Ajir brought back a solid meal that night, something that surprised Amon. They’d been pinching gil ever since leaving Mor Dhona, so to see it spent so freely, especially with the cost of services rendered to Mocho, left him curious.
The Samurai didn’t speak much. Not when the healers came to tend his wounds. Not even when Zuri went on to recount Ajir’s battle with the Ixali in her juvenile-Bard ways.
I admit, the guy is a war machine. Even I’m a little impressed.
Amon remained silent, too, but his thoughts were picking apart the happenings of the day. Trying to make sense of it. There was still a lot they didn’t know. Like who set them up. And who had enough influence with the beastmen to stage an attack like that.
Someone is after me… I’m sure of that much.
The fire began to crackle low. Both Mocho and Zuri had fallen asleep. It was then that Ajir approached Amon.
“I may have some information about the person who hired us for that job.”
This perked up the Elezen’s ears. “Oh? Do tell.”
The Samurai leaned back in his chair, silent for a long while. Amon began to wonder if he’d say anything at all. Finally, Ajir stood up instead.
“It’s something I’ll have to show you. I saw it on the way back in to Dragonhead.”
Amon glanced down at himself – he was wearing a loaner shirt the healers gave him when they took his coat in for the wash. He was certainly not in any state to go out into the cold, not with night getting on.
Ajir saw this and added, “It’ll only take a moment.”
The Bard nodded and shoved his feet into his boots. “All right. But if I get snow-bit, I’m blaming you.”
The two walked out of Dragonhead, to the north, back in the direction that the attack happened. Amon felt the cold biting into him, and regretted the choice immediately.
“Thought this would only take a moment,” he chided impatiently.
Ajir didn’t say anything. He just kept walking.
“Going to freeze to death,” Amon added with a slight flair of dramatics.
That’s when the Samurai stopped and promptly turned, drawing his blade. “Perhaps that would be the better option… Amon.”
The Elezen took a step back in surprise. Ajir had never spoken his name like that – full of so much distaste and loathing. A chill rushed through his body. It wasn’t from the cold.
The blade in the Samurai’s hands began to pulse with a flow of blue light. The Au Ra’s green eyes seemed to glow, fixed on his target.
“Ajir… what are you doing?” Amon backed further away, the snow crunching under his boots.
The Samurai growled, “She said you were a good actor. Has that been all this was to you?”
Amon’s face paled. He heard himself breathe the words, “Who told you?”
Ajir didn’t answer. He simply gripped his blade more tightly and lunged forward, bringing his beastly strength and snarling ferocity down on his unarmed, once-companion.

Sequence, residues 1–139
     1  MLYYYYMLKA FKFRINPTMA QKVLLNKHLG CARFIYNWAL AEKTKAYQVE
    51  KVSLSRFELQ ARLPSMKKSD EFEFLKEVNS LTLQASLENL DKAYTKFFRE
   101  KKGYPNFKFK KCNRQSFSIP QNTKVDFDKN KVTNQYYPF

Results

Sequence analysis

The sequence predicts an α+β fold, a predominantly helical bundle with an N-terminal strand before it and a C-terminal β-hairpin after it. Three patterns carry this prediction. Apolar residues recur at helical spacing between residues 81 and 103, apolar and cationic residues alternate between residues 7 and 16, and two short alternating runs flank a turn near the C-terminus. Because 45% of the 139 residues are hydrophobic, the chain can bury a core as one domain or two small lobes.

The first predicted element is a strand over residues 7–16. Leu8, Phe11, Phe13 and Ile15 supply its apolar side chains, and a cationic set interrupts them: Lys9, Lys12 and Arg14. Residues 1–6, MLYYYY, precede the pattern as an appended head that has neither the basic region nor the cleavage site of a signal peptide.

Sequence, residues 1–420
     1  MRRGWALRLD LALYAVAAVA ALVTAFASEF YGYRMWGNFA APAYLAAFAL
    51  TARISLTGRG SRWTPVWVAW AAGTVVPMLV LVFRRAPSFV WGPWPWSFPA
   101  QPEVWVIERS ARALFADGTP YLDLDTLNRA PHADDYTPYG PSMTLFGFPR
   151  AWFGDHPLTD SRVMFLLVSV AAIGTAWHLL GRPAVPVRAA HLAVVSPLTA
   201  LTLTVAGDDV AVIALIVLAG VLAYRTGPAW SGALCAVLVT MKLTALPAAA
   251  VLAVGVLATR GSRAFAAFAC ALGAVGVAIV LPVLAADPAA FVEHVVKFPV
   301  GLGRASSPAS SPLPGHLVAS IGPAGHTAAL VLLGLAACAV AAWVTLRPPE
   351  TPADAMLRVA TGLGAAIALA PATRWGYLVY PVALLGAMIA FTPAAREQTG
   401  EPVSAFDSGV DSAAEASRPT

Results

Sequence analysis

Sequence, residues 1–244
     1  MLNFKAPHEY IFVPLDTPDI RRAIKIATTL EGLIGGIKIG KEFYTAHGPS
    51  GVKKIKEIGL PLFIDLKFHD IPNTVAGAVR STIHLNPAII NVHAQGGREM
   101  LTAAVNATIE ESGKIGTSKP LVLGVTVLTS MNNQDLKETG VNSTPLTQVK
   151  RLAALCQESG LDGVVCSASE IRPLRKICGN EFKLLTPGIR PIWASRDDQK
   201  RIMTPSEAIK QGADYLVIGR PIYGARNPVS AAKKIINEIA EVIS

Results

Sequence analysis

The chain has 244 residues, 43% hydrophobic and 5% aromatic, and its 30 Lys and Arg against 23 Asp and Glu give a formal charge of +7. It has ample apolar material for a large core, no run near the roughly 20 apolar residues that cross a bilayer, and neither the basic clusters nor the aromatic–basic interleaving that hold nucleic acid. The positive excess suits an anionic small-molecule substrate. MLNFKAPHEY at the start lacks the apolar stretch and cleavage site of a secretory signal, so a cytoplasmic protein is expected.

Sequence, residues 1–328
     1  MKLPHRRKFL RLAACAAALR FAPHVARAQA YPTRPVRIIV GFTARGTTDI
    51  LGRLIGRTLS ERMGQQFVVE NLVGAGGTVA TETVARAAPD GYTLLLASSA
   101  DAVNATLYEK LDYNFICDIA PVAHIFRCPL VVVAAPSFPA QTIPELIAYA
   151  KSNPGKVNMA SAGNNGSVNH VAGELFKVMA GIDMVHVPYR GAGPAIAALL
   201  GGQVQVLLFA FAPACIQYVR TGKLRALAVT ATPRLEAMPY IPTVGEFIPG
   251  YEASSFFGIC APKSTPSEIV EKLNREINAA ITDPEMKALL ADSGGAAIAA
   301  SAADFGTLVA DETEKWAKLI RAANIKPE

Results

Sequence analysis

At an extreme physical disadvantage, Amon felt a jolt of pain as he took the immense blow along the side of his skull. The blunt grip of the katana sent him reeling, and just like the stories always said, he saw stars. A stream of warm blood gushed down his cheek – no doubt Ajir had done some damage, even if he didn’t strike a killing blow.
Then, the Au Ra’s strong fist closed down on Amon’s collar, dragging him up as the Elezen’s knees threatened to buckle under him.
That’s when Amon felt it.
A tickling in the back of his mind.
The rushing sensation of aether energy.
Tiny – just a fraction. Just a sliver of the power he once held.
But in his moment of desperation, it was all he had.
Amon’s mind clamped down on that power.
He drew it in. He hungered for it. A sensation he knew all too well.
All thoughts focused on survival. His survival.
As Amon’s free hand lifted, the power rushed out of him, a fountain of flame that blasted the Samurai point-blank in the face.
It wasn’t a massive flame. It probably did nothing more than singe the Au Ra’s stubborn hide. But it was enough to make Ajir leap back with a shout of surprise and release the Elezen.
“You!” Ajir stammered, his eyes round, staring with a hint of fear. “You… really are…”
Amon was still too disoriented to make any attempt of escape.
Instead, the Bard gathered himself up and did what he always did in a bind. He acted.
“Yes, I am,” Amon’s voice grew powerful as he tried to make himself look larger than he actually was. Given that blood was still dripping down his chin and he couldn’t see straight, that was quite an effort. “And you’ve just made a very grave mistake.”
That’s when a snide voice joined the scene. “Give it a rest, Amon.”
A slip of a cat-girl appeared, no sign of fear, just all dark hair and sharp eyes. Though she looked common enough, Amon could sense that there was something not quite right about her.
“Who… are you…?” The Elezen tried not to slur. Staying awake was getting hard.
“I represent the Sons of Saint Coinach,” she told him in a steady voice. “And with the power vested in me, I take you, Amon of Allag, into custody.”